My take on HDR:
HDR shines when applied to movies that are shot with modern, state-of-the-art digital cameras (such as ARRI Alexa) as the digital RAW files can handle dynamic range much better than, say, 35mm film. HDR is putting a strain on the source material and if the material is not meant for being pushed in terms of dynamic range, the results can be less than ideal. One of my favorite examples would be John Wick 2 - the entire movie has been shot with Arri Alexa + Arri Alexa XT Plus and the end result in HDR looks amazing in my opinion (though if I wanted to be nit-picky: the intermediate is "just" 2K). On the contrary, Harry Potter was shot on 35mm and with HDR activated on the 4K Bluray release, the end result is rather grainy and noisy and looks rather overblown (though on a positive note: black levels have been fixed). So what I do before I go out and purchase a movie in (4K) HDR, I research the movie first on the internet as there are some websites dedicated to inform on what material the movie was shot and if it has a 2K oder 4K intermediate. If I see that the movie was mostly shot with, say, an ARRI Alexa camera, I'm more inclined to get the 4K Bluray release.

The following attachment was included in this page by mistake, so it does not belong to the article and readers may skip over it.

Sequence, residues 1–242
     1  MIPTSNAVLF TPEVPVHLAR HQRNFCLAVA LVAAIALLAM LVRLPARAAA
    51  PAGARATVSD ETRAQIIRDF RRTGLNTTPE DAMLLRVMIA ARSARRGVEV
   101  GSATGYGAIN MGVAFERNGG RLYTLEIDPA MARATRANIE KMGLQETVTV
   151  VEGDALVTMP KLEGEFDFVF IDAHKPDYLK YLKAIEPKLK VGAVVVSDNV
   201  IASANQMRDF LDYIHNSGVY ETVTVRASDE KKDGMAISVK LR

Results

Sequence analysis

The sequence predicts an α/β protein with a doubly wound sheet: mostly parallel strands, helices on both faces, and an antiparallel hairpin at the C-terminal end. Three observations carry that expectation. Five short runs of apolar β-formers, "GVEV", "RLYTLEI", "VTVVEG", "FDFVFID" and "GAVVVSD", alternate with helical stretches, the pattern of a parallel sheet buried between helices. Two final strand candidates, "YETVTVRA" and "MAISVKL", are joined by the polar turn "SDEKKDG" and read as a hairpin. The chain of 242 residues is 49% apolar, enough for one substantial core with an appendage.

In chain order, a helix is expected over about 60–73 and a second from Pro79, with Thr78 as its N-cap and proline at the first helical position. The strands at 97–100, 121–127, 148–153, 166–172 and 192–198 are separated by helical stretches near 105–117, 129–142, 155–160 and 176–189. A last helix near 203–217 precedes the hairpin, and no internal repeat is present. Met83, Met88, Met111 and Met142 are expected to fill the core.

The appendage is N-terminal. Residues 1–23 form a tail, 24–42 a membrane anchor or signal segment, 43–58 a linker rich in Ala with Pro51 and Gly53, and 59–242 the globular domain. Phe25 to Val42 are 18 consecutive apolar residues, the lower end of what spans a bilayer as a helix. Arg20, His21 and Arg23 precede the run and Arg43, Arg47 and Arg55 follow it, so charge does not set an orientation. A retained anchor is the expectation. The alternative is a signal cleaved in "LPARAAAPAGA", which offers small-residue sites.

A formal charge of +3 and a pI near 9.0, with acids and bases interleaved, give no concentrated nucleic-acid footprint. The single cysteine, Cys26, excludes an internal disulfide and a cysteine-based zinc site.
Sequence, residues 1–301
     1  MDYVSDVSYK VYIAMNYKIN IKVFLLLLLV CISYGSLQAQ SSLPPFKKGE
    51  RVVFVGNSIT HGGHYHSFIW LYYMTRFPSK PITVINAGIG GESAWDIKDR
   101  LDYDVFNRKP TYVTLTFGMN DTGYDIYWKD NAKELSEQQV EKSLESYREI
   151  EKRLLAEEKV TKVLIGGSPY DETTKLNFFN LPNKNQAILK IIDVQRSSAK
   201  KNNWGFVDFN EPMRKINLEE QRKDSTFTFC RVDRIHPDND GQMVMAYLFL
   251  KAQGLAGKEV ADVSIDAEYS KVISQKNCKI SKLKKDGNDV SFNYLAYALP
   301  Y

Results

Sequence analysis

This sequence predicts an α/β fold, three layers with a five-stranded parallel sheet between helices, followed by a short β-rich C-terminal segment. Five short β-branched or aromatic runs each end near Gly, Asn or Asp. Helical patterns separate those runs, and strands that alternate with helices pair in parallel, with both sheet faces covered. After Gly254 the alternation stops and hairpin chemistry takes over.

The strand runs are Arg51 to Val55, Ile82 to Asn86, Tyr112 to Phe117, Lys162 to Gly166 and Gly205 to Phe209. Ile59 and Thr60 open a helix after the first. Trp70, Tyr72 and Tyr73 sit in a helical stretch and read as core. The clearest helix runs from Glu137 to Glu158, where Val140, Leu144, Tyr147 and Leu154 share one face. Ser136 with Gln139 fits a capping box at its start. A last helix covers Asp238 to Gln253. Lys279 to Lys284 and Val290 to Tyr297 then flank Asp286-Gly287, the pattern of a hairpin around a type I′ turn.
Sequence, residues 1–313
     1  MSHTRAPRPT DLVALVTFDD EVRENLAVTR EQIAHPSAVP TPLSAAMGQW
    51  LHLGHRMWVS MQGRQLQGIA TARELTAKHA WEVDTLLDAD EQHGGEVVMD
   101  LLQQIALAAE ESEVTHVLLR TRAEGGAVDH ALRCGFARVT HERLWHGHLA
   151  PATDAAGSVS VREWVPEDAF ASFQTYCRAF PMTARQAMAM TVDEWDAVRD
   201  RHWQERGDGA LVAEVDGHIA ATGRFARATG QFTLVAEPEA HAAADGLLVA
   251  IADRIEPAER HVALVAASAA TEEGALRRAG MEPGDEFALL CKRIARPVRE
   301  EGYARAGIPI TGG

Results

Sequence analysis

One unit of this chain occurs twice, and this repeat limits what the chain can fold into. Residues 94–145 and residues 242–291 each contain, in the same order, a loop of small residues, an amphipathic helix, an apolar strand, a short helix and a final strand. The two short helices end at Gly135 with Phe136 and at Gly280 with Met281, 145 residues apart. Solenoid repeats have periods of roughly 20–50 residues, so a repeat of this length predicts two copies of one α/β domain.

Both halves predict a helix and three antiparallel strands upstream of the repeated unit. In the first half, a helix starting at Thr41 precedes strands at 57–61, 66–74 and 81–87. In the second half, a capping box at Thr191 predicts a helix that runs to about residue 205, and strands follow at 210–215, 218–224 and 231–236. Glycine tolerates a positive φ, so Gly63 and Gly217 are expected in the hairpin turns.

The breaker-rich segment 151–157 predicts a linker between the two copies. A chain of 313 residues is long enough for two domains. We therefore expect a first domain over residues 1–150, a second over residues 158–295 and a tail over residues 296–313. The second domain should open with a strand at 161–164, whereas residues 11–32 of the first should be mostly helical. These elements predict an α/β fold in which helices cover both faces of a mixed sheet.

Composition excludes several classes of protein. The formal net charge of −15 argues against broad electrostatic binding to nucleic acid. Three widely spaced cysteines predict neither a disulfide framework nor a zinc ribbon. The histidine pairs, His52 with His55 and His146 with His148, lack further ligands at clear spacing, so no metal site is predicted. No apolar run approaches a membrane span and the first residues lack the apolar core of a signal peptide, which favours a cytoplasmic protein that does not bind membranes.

Buying a TV for watching HDR content is another story ... it is worth knowing that movies are mastered at different Nits levels. So some movies will be mastered at 1000 Nits and your Sony A1 OLED TV might be best suited for displaying those movies in HDR... while other movies are mastered at 4000 Nits and then your Panasonic TV might be better suited for the job. This doesn't solely come down to what the TV can actually achieve in terms of maximum brightness but also at how the TV handles tone-mapping. Of course, high maximum brightness is probably the most important factor when it comes to HDR, but since none of the existing TV (to date) can display 4000 or 10000 Nits, tonemapping is just as important.
There are a lot of factors that come into play when displaying HDR content, and we haven't even mentioned the competing HDR standards yet or that OLED may not be able to get as bright as LED TVs but might just be the better TVs when it comes to overall contrast... currently I think the biggest issue with HDR is that it demands a lot of research, but once one has gone through the hurdle of getting all the necessary information, HDR becomes more enjoyable.
Last edited by adsl-ryoga; 11-01-2018 at 07:18 AM.